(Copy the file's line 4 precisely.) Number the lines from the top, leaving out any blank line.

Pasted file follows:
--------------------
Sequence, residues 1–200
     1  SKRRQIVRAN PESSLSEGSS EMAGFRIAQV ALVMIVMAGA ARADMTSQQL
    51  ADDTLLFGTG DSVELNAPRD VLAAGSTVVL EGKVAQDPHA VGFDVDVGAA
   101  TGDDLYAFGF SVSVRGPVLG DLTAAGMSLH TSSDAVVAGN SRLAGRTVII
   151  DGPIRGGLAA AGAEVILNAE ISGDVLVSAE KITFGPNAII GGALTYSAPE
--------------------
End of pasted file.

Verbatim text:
   101  TGDDLYAFGF SVSVRGPVLG DLTAAGMSLH TSSDAVVAGN SRLAGRTVII